Hong Kong stocks see worst fall in three months as protester is shot, man set on fire

Deb Price

Hong Kong stocks suffered their worst fall in three months on Monday, as anti-government protests turned into horrifying scenes, including a man being set on fire.

A college-aged protester was shot and petrol bombs were thrown into a subway train with passengers in a day that spun from one shocking scene to another in a city long known for its safety and efficiency.

The Hang Seng Index fell 2.6 per cent to 26,926.55, with only one of the 50 constituent stocks posting a gain. It had risen 8 per cent over the past month to close at 27,651.14 points on Friday, setting off technical warnings that it was in overbought territory.

Meanwhile, with rumours circulating on social media, the city’s government felt it necessary to say there were no plans to suspend stock market trading or impose restrictions on cash withdrawals from banks.

China stocks also suffered losses, on fears of rising inflation as pork prices surge and scepticism that Washington and Beijing are making progress in solving their trade war that is partly to blame for China’s slowing economy.

No plans to close stock market or impose caps on cash withdrawals as Hong Kong government denies emergency law rumours

The Shanghai Composite Index dropped 1.8 per cent to 2,910. That was its worst fall in four months, when on July 8 it fell 2.58 per cent. The Shenzhen Composite Index fell 2.26 per cent to 1,611.45. That was its worst fall since September 26, when it dropped 2.51 per cent.

“China and Hong Kong equity markets were perhaps lucky to have fallen only this far,” said Brock Silvers, managing director of Adamas Asset Management in Hong Kong.

“Investors are realising that a trade deal may not be as close as thought. China’s factories just reported lower prices for the fourth consecutive month as the slowdown deepens. And social instability in Hong Kong has reached a new peak today with multiple shootings and violence,” he said.

The three heavyweights on the Shanghai benchmark all closed with losses.

The Industrial and Commercial Bank of China fell 1.7 per cent to 5.77 yuan, Kweichow Moutai dropped 0.5 per cent to 1,199 yuan, and the Agricultural Bank of China declined 1.7 per cent to 3.55 yuan.

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Gauges tracking sectors saw broad losses, with liquor stocks down 1 per cent, blockchain-linked stock falling 2 per cent and wireless headset makers slipping 0.3 per cent. Luxshare Precision Industry, the main assembler of AirPods – fell 0.8 per cent gain to 34.18 yuan.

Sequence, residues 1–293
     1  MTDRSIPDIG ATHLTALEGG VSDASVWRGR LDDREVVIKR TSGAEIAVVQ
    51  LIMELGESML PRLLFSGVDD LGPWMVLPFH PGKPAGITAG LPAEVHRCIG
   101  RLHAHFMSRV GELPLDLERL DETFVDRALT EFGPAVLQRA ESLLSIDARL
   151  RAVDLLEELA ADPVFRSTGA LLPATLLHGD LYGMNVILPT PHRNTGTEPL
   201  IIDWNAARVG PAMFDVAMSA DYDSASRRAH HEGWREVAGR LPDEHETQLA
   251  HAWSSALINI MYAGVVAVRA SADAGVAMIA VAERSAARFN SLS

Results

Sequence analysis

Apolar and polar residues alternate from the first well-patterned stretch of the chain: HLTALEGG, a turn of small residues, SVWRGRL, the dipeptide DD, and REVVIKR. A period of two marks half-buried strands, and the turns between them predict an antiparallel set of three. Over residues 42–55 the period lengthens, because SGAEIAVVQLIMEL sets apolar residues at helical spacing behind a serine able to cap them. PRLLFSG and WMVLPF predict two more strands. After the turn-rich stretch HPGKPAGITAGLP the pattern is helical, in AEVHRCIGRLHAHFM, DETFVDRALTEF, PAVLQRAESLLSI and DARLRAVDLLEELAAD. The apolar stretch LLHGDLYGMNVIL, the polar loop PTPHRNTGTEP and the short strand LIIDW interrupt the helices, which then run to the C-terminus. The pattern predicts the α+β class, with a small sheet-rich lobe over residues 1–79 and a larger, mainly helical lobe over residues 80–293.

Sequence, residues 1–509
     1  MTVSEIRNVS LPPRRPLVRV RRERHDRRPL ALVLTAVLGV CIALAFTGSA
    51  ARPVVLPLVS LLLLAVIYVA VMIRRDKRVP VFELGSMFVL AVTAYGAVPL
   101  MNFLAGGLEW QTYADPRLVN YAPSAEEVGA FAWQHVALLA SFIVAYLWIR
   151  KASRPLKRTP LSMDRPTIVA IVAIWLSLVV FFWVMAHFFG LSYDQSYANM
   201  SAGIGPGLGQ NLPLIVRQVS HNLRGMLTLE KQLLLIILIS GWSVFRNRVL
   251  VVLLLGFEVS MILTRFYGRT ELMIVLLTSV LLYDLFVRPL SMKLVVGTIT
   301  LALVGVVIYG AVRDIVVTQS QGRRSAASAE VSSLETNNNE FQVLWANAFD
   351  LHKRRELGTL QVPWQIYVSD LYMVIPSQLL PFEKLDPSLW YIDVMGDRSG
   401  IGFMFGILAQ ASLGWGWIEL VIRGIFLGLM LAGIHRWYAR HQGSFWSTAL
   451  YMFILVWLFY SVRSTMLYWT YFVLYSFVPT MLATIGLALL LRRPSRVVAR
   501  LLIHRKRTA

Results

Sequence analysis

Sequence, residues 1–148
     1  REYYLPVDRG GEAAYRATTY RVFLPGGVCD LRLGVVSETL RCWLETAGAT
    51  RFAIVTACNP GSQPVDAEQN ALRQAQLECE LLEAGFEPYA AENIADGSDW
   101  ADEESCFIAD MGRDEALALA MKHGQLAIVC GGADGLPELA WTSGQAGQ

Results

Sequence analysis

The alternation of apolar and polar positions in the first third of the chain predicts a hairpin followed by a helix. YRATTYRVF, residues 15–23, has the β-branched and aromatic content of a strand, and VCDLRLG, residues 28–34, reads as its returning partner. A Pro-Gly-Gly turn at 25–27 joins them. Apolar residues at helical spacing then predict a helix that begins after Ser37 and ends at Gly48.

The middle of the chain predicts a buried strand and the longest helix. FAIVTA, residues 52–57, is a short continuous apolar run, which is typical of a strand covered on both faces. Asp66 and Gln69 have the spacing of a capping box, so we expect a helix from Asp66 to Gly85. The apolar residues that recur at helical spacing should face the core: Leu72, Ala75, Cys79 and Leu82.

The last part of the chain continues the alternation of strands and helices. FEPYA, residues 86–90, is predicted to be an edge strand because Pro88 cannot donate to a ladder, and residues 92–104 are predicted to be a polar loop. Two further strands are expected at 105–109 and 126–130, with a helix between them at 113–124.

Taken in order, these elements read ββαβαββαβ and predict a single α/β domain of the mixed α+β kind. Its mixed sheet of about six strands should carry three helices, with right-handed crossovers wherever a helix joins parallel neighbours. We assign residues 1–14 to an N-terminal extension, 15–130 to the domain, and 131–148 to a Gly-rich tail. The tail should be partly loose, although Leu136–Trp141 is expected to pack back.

China’s consumer prices rose to a near eight year high in October, the government reported over the weekend, climbing 3.8 per cent.

“We expect Chinese (Consumer Price Index) will rise to 4 or even 5 per cent before Chinese New Year,” said Kenny Wen, wealth management strategist at Everbright Sun Hung Kai.

The losses in Hong Kong and China came even as Alibaba broke last year’s Singles’ Day record with 213.5 billion yuan worth of sales in 16.5 hours. (Alibaba is the parent company of the South China Morning Post.)

Chinese consumers break last year’s Singles’ Day record with 213.5 billion yuan in 16.5 hours

In Hong Kong, MTR fell 3.1 per cent to HK$43.65, as the city’s subway owner and operator continues to see its shares hammered amid anti-government violence.

The Hang Seng’s three heavyweights all fell.

Insurer and financial services provider AIA dropped 3.4 per cent to HK$79.60, HSBC slid 0.9 per cent to HK$59, while Tencent, the Chinese internet giant that reports third quarter results on Wednesday, lost 1.3 per cent to HK$323.

Property stocks were big losers.

Sun Hung Kai Property fell 4.3 per cent to HK$112, Wharf Real Estate Investment dropped 4.5 per cent to HK$44.35, New World Development tumbled 4.2 per cent to HK$11.02, while Swire Pacific fell 5.2 per cent HK$72.65.

“Hong Kong’s escalating protests could pose serious threats to public safety and turn up the risks to developers’ earnings with possible double-digit rental declines for both prime office and retail rents in 2020,” Bloomberg Intelligence analysts wrote in a new note.

“Massive protests with tear gas fired by the police during lunchtime in the Central district could prompt some multinational tenants to spread their office space across Hong Kong, or even relocate portions of their workforces elsewhere in the Asia-Pacific region. Tenants’ sales at prime shopping malls are likely to slump in 4Q given the increased number of violent attacks on retailers in various districts. The slump in visitor arrivals from mainland China following weeks of unrest will continue to crush hotel occupancy rates and retail leasing in major tourist districts,” the analysts wrote.

On the Hang Seng Index, only CSPC Pharmaceutical Group closed with gains, rising 0.5 per cent to HK$21.05.

Among other stocks, CK Life Sciences was among the day’s winners, picking up 2 per cent to HK$1.02 after sliding Friday following two days of more than 200 per cent gains on news of progress in clinical trials of its skin cancer vaccine.

Beigene rose 1.8 per cent to HK$116.60. American biotech major Amgen agreed to buy BeiGene shares equivalent to a 20.5 per cent stake for US$2.7 billion, BeiGene said in an exchange filing on October 31.

Louis Tse Ming-kwong, managing director of VC Asset Management, said the Hang Seng fell below its 250-day moving average.

“So there’s plenty of chances of going down further,” Tse said.

Additional reporting by Snow Xia

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